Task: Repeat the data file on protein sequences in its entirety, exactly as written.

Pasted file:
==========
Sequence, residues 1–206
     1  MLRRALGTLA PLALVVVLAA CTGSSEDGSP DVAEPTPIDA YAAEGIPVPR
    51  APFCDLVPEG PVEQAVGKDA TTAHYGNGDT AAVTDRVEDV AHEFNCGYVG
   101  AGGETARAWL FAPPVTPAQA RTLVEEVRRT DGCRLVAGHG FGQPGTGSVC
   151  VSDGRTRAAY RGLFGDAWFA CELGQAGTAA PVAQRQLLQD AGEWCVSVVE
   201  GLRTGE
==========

Sequence, residues 1–206
     1  MLRRALGTLA PLALVVVLAA CTGSSEDGSP DVAEPTPIDA YAAEGIPVPR
    51  APFCDLVPEG PVEQAVGKDA TTAHYGNGDT AAVTDRVEDV AHEFNCGYVG
   101  AGGETARAWL FAPPVTPAQA RTLVEEVRRT DGCRLVAGHG FGQPGTGSVC
   151  VSDGRTRAAY RGLFGDAWFA CELGQAGTAA PVAQRQLLQD AGEWCVSVVE
   201  GLRTGE